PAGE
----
How are Life Sciences Companies Navigating Return-to-Work?

May 26, 2021

By Ben Bradford, Vice President of Economic Development & Membership, MassBio

Throughout the pandemic, much of the life sciences continued to work in-person. Routines, schedules, and safety protocols may have changed, but those working in labs, in manufacturing, in distribution, and beyond did their part toward improving patient health. 

Now, as statewide COVID-19 cases decrease and Massachusetts moves closer to a full reopening on May 29, our member companies are navigating how to get their teams back to the “next normal,” at full capacity.

To get a clearer sense of how our member companies planned to respond to these changes, we sent our members’ leadership a survey about their return-to-office plans. This survey was conducted between May 6 and May 16 prior to the announcement of Massachusetts’ full reopening date of May 29.* Employers who responded to the survey represent 14,000 employees across Massachusetts. And on average, these companies employ 250 people.     

Of the 58 companies that responded there were clear trends that we believe will be informative for all companies:

  • 59% of companies anticipate having their remote employees return to the office by Q3 2020 with an additional 33% of respondents targeting Q4 2021, and only 5% waiting until 2022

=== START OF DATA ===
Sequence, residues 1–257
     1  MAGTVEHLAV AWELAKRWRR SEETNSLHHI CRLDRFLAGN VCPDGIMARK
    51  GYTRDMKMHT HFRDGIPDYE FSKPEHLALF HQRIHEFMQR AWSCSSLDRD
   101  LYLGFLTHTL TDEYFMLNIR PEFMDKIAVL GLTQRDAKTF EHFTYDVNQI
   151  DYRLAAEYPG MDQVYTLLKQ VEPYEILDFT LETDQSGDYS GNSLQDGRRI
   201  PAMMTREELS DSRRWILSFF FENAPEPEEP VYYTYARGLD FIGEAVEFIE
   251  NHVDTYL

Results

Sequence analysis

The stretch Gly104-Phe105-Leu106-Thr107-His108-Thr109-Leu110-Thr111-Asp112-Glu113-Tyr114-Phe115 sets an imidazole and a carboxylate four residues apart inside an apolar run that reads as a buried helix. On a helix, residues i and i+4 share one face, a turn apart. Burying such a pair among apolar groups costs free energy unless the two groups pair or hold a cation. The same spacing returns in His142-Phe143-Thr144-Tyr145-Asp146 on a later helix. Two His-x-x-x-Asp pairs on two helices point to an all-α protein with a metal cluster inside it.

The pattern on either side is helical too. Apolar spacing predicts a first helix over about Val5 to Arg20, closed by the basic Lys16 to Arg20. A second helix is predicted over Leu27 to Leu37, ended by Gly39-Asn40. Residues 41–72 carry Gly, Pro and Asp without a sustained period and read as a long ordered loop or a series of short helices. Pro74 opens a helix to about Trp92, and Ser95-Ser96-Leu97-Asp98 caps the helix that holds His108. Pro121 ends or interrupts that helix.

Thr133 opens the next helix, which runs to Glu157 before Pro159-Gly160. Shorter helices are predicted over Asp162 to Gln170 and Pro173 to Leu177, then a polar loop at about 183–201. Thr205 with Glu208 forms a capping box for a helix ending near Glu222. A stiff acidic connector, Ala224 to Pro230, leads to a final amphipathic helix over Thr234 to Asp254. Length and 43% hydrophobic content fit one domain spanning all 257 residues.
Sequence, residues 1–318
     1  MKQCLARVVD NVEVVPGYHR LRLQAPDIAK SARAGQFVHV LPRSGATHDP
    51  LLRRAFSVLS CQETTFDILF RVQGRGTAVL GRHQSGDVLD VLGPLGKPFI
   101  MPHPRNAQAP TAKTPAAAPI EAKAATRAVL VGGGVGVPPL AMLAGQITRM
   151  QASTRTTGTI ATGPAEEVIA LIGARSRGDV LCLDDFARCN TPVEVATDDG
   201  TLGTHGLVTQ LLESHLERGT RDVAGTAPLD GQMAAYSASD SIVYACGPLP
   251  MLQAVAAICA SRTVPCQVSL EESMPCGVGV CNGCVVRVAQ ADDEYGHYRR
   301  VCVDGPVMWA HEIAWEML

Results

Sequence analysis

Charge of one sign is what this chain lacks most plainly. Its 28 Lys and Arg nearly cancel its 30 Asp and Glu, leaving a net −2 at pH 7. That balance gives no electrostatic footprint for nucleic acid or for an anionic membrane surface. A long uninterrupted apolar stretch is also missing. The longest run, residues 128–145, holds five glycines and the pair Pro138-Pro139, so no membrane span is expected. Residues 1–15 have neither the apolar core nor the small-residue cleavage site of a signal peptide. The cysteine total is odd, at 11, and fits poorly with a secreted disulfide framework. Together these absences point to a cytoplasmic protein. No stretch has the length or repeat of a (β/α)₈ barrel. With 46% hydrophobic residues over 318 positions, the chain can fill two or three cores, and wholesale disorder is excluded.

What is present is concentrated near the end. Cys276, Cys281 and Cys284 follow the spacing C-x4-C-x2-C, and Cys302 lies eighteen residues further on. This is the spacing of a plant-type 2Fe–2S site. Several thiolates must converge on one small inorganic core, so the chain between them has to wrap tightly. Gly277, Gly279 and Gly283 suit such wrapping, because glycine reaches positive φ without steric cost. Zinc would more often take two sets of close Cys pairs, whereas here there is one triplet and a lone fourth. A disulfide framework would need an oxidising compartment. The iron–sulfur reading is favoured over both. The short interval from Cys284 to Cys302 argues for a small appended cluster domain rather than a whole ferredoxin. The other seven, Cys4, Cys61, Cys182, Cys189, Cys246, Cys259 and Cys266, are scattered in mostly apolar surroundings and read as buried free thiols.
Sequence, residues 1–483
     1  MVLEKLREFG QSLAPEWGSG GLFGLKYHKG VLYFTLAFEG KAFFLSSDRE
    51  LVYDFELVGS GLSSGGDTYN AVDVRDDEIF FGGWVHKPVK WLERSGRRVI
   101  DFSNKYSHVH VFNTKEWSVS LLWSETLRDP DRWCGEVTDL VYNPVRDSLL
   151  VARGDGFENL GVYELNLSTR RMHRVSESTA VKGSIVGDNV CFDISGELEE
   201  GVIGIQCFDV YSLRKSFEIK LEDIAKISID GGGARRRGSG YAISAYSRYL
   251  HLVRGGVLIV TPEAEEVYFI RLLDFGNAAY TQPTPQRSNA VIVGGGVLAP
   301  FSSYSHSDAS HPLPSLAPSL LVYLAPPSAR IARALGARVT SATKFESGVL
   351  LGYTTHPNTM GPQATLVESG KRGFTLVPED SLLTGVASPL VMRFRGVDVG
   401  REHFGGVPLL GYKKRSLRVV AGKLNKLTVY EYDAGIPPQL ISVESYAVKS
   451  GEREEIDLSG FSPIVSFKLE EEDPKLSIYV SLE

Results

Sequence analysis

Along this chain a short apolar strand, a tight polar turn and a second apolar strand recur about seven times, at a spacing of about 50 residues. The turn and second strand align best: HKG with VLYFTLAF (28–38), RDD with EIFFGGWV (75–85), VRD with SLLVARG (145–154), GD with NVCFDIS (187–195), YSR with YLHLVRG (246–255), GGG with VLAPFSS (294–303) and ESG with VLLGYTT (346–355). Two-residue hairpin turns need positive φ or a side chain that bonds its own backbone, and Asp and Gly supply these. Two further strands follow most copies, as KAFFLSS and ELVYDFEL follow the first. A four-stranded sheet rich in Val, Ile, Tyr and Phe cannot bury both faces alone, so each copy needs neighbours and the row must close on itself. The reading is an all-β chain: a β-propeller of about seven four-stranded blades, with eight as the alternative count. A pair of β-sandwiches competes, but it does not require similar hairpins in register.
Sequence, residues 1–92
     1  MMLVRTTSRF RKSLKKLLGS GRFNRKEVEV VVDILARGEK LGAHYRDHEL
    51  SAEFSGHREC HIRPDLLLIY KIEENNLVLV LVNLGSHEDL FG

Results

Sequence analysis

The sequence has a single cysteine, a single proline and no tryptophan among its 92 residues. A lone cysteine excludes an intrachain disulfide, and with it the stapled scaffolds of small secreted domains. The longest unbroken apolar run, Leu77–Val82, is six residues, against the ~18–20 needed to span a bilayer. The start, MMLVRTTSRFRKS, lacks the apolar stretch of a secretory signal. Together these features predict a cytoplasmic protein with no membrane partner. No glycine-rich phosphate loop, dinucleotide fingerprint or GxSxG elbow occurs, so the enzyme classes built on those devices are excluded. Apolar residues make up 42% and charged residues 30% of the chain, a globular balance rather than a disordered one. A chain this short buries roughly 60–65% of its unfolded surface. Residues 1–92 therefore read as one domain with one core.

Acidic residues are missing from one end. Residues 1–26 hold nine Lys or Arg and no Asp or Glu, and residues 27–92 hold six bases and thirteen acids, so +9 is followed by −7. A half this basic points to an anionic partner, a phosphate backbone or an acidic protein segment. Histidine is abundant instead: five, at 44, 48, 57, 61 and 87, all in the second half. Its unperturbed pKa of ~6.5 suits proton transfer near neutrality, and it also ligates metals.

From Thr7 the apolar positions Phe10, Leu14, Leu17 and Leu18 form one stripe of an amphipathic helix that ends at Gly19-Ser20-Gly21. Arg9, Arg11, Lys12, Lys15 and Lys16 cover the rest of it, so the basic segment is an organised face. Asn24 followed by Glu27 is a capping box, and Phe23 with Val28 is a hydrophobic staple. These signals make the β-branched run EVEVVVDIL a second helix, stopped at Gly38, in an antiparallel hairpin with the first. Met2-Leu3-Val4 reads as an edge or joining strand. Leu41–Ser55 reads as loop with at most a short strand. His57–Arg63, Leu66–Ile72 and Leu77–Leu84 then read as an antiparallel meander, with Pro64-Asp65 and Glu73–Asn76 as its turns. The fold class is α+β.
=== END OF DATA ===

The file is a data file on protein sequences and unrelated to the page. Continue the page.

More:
• 68% are planning to allow in-person interaction between their staff and external parties (i.e. in-person meetings)
  • Only 31% are mandating employees to be vaccinated in order to return to the office

Our respondents, senior leadership from life sciences companies primarily in the Cambridge, Boston, and Waltham areas, are all considering lessons learned from the pandemic, especially about the feasibility of continued remote work. Similar to other industries, most survey respondents are considering hybrid work environments, but a large majority (63%) say remote/in-office scheduling will be on an employee-by-employee basis. That’s not surprising considering how many positions can’t work remotely. Overall, 53% of employers said they plan to allow less than a quarter of employees to work remotely permanently after the pandemic. Senior leaders said that they anticipate their business development teams are most likely to maintain a remote work schedule.

Despite these staffing shifts, 88% of employers said that they aren’t planning to reduce office space. Echoing some of the significant shifts we’ve seen over the course of the pandemic, employers said their employees’ top concerns about the return to in-person work included their safety, commute length, and preserving the work/life balance they achieved over the last year and a half.

While there’s no playbook for how life sciences organizations can plan for an uncertain future, our recent survey results show that the industry is moving towards normalcy, with an emphasis on supporting the wellbeing of employees. While we will determine MassBio’s plan for the return of in-person activities, we encourage our members to continue to join our upcoming virtual events to connect and collaborate with the life sciences ecosystem.

*In light of Governor Baker’s announcement, some companies’ timetables and policies may have changed since the collection of this data.

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